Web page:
Mars Williams’ talent and reputation as a saxophone virtuoso led to collaborations with a diverse range of rock and jazz musicians. His ability to seamlessly adapt to different musical styles and genres made him a sought-after collaborator. Williams had the privilege of performing with notable artists such as Billy Idol, the Killers, Power Station, and Wayne Kramer, to name just a few. His saxophone skills added depth and texture to their music, elevating their performances to new heights. Williams’ versatility as a musician allowed him to effortlessly navigate between rock and jazz, leaving his mark on each collaboration and showcasing his ability to connect with artists from various musical backgrounds.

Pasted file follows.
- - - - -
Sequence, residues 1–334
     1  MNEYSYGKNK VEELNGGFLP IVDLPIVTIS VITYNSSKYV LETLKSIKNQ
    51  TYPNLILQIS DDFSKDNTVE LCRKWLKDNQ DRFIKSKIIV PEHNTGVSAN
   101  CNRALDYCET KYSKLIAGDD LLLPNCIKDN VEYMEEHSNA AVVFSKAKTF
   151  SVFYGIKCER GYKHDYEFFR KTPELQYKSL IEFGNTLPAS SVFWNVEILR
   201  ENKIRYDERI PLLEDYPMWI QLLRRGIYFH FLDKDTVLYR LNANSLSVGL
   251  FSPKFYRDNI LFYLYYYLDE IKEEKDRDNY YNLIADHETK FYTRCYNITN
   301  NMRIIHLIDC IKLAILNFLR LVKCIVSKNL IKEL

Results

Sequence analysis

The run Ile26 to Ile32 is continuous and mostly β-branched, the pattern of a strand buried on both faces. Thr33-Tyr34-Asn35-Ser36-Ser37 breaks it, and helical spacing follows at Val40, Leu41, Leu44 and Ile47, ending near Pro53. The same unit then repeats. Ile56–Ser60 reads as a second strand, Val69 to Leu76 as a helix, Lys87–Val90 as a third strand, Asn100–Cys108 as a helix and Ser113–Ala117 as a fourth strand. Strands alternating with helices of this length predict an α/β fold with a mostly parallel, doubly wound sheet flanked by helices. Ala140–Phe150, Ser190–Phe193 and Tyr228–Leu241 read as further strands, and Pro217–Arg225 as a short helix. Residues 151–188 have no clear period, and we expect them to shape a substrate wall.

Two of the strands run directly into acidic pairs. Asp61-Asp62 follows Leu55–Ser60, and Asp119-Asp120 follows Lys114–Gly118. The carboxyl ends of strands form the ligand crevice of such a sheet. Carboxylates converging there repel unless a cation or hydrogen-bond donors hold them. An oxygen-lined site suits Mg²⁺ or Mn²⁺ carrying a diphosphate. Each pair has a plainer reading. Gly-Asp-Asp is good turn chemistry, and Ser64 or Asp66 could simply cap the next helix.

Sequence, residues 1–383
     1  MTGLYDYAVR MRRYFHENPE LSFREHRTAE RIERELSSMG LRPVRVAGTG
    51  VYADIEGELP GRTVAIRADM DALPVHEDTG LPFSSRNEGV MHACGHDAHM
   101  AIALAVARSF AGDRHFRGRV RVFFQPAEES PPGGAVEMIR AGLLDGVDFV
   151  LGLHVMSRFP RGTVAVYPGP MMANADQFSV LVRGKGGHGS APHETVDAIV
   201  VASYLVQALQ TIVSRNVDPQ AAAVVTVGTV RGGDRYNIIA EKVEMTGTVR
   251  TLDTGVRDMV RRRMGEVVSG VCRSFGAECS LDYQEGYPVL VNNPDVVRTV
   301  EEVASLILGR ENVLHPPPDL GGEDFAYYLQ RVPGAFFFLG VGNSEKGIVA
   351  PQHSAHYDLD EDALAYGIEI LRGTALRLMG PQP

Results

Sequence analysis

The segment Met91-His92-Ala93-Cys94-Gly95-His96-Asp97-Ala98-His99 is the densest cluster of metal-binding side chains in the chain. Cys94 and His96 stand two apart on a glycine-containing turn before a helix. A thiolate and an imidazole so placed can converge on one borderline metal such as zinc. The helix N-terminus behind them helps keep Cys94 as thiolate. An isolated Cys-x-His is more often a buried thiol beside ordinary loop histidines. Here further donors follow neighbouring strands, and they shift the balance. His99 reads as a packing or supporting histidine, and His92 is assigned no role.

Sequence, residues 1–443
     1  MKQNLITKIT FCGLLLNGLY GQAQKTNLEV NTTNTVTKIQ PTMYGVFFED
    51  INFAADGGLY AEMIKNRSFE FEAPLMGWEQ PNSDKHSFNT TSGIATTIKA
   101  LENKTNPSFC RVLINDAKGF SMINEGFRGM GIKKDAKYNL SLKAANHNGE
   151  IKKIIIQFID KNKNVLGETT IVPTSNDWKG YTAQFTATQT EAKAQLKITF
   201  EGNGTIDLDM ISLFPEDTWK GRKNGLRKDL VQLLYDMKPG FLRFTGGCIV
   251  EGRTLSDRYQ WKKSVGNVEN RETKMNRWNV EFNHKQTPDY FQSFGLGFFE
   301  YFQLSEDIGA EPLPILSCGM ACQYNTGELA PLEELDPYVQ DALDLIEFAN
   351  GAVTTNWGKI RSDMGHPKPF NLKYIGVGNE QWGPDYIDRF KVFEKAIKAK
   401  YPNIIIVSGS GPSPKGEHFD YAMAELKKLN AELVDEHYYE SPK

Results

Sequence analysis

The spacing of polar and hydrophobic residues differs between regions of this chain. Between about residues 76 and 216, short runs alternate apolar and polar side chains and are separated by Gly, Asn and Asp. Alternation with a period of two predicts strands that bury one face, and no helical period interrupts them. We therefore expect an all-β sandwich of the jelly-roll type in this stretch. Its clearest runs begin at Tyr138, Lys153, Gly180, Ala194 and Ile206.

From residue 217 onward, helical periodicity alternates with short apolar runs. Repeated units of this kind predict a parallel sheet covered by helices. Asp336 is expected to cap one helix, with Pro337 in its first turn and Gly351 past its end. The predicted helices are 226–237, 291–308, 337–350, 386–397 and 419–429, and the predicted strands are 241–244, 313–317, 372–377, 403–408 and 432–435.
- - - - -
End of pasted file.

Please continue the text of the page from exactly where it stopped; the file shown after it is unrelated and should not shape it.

Unique Projects and Ensembles

An Ayler Xmas Tour and Christmas Carols

Mars Williams’ creativity and passion for pushing musical boundaries led him to embark on unique projects that showcased his innovative spirit. One of his most cherished endeavors was the annual “Ayler Xmas Tour.” This tour combined the music of free-jazz great Albert Ayler with the beloved melodies of Christmas carols. Williams’ ability to blend these seemingly disparate genres created a captivating and enchanting experience for audiences. The fusion of Ayler’s avant-garde jazz with the familiar tunes of Christmas carols demonstrated Williams’ ability to reimagine and breathe new life into traditional music, leaving a lasting impression on all who experienced it.

Other Ensembles and Notable Recordings